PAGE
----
a) You’ll earn the opportunity to share some of your challenges and find out how others have dealt with them. You’d be surprised how similar these challenges can be regardless of the industry.
b) You’ll meet an interesting person that has an outside view at what you’re doing. A fresh approach yet with similar expertise and background.
c) You’ll feel better as you’ll learn from others’ mistakes and help them learn from yours. It’s an exchange which works both ways.
How to start?
1) Think of what your key business challenges are that keep you awake at night. Make a list of 5-10 such issues. Allow that list to mature for at least a day and revise it to be sure that these are your priorities.
2) Book yourself a short time slot where you’ll focus only on selecting the best companies that you believe might have had recent similar challenges to the ones you’re facing now. Create a list of 10 companies. Try not to focus on your local area only. Think big, but don’t shoot for companies 100x bigger than yours. Why? Because the likelihood of anyone who remembers your exact challenges still being at this organization is very limited. Aim for companies 2-3 times bigger or 2-5 years ahead of where you are now.
3) Once you have the list of companies, figure out their structure. Who would be the right person to talk to? Remember, that person is not always going to have the same job title on LinkedIn as you have now. Tip: don’t hesitate to reach out to senior HR staff in this organization. They are often helpful in directing you to the most relevant person, so it might be the CEO who’s also interested in the development of his/her Management Team. The end result should be a list of 10 names, one for every company on your list.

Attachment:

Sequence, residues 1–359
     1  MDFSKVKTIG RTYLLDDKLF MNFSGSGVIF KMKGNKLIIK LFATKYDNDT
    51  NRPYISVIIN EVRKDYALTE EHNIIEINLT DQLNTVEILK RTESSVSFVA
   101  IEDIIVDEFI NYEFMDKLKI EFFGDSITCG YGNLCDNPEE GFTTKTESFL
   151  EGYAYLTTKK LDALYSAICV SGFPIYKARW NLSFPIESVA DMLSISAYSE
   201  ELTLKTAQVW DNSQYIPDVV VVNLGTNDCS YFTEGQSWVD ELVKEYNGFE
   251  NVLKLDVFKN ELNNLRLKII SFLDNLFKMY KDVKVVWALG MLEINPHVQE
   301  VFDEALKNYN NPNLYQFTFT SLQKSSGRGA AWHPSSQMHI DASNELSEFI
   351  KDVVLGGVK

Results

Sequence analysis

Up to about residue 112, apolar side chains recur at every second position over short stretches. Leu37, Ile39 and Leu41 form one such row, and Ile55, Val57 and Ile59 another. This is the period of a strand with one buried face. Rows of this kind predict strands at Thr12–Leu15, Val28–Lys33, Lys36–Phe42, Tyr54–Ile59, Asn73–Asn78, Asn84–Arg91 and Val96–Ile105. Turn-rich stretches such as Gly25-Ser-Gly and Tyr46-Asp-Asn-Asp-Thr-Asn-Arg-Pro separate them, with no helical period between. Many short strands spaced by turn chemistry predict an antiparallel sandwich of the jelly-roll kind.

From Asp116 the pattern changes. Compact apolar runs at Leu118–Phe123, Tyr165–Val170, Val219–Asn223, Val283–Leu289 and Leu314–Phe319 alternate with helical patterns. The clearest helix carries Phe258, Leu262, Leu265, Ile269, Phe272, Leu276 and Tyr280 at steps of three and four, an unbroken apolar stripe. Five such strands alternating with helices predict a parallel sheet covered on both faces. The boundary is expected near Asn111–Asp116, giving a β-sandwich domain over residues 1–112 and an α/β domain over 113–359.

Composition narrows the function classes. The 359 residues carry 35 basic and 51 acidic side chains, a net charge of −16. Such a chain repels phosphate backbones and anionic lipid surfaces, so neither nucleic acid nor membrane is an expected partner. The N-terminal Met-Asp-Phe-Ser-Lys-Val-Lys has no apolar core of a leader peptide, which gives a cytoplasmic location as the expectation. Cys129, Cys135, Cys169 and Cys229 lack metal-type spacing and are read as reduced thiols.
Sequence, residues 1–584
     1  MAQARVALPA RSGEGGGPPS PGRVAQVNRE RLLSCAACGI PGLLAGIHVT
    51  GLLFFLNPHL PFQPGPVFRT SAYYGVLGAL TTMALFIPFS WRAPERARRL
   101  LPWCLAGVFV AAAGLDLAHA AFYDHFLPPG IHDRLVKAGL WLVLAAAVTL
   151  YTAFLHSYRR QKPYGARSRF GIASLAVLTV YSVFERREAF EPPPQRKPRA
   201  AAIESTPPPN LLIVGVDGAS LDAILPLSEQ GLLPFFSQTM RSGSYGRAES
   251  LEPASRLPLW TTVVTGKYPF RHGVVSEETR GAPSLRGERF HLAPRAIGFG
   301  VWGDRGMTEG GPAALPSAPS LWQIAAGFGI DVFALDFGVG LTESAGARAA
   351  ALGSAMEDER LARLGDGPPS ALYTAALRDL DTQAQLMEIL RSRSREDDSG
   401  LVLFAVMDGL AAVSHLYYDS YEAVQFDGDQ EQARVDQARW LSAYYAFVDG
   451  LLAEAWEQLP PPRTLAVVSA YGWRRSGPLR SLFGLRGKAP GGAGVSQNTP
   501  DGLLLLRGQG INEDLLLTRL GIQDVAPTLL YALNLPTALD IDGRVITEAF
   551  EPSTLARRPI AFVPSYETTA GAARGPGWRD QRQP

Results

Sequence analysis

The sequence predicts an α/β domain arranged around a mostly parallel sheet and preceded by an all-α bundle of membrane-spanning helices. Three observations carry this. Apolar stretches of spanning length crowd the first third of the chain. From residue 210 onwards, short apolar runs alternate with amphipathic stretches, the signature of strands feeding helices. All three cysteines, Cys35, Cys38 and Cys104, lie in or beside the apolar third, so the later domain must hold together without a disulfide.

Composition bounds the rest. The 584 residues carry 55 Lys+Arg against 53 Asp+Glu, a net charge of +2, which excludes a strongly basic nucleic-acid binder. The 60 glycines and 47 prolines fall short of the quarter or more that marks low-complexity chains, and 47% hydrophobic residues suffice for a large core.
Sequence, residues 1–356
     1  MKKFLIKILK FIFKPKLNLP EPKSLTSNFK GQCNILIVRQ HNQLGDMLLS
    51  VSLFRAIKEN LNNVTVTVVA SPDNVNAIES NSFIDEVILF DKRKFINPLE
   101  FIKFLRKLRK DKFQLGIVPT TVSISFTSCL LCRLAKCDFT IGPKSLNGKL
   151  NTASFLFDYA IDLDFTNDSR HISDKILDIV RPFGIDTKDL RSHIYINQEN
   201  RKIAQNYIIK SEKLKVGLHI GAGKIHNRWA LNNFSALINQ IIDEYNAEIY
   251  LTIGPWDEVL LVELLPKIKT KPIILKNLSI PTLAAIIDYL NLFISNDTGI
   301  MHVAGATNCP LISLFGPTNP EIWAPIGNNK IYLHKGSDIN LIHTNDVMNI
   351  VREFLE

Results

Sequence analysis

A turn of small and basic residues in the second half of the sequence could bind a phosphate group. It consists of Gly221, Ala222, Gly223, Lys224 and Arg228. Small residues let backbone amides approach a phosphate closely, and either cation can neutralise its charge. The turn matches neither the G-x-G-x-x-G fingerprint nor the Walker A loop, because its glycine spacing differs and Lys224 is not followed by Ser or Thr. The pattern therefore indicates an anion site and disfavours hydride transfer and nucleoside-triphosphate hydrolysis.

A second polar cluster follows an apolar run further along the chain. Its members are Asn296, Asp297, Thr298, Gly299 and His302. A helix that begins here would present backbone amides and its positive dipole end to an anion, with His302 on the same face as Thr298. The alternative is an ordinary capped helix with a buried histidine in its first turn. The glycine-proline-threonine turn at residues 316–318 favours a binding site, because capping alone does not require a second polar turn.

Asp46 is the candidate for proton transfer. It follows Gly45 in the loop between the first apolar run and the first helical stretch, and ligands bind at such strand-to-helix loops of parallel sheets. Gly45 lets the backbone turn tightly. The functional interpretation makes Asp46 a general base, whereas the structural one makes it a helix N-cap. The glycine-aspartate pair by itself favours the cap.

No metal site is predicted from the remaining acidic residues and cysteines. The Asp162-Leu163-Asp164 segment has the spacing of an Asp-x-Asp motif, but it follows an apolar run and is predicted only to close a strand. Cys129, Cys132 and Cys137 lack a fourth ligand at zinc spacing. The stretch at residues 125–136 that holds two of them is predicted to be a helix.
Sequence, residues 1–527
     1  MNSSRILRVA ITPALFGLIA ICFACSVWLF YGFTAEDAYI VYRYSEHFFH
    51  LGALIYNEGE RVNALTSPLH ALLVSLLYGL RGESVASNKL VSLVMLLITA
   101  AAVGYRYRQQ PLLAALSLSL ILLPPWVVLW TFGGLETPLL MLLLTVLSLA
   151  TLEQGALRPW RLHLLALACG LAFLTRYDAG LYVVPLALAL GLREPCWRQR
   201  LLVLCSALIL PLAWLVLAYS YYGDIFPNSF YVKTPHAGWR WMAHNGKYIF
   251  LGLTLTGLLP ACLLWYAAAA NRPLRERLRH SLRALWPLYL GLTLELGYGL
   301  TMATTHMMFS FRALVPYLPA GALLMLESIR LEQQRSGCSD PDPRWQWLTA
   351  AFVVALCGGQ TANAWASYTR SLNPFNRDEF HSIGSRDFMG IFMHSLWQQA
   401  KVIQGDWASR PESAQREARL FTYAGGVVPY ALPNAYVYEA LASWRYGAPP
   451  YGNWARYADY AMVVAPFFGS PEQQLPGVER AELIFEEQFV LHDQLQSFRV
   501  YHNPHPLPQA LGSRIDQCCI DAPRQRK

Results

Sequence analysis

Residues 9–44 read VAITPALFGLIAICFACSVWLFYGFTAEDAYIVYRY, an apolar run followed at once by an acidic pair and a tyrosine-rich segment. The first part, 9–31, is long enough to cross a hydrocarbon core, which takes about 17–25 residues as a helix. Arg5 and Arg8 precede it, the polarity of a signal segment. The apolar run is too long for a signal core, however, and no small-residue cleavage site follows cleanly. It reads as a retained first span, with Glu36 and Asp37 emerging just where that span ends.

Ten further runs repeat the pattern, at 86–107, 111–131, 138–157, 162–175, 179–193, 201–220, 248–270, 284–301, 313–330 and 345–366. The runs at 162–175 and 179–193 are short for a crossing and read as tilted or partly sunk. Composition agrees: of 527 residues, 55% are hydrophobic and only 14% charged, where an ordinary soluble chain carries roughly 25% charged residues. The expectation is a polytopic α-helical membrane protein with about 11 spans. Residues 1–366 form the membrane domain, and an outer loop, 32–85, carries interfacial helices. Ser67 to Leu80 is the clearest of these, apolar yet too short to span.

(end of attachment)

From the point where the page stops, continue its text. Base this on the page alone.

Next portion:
4) Pause for a day or two. Reflect on the list of people and companies. Think exactly of what you believe you could learn from every specific person you have on the list. That will allow you to create super personalized introductions to these people asking them specifically for help. Once you do it correctly, your chances of them getting back to you and willing to meet will be much higher.
5) Reach out to people from the list with a carefully written introduction. Whenever you can, get a common connection to recommend you. You’re most likely to only have one chance, as it’s only once you can make good impression. Use that shot wisely.
Once you have a meeting or a call arranged, thing carefully of exact questions you’d like to ask. Think what precisely you want to know, do the homework of how the person’s organization has grown and what challenges they might have had in the past that could teach you a lesson. Stay hungry, stay foolish.
After the meeting, make a note of your findings and share them with your peers or whole organization if relevant. Don’t keep if only to yourself. Remember to Pay it forward when someone more junior to you will approach you for help.
Now…you’re ready. Are you up for the challenge? Let me know how it went! I’ve done it a lot and it worked every time. Start with number 1 from the list above. Share your achievement in a comment once you’ve created the list of challenges. Every journey begins with a small step.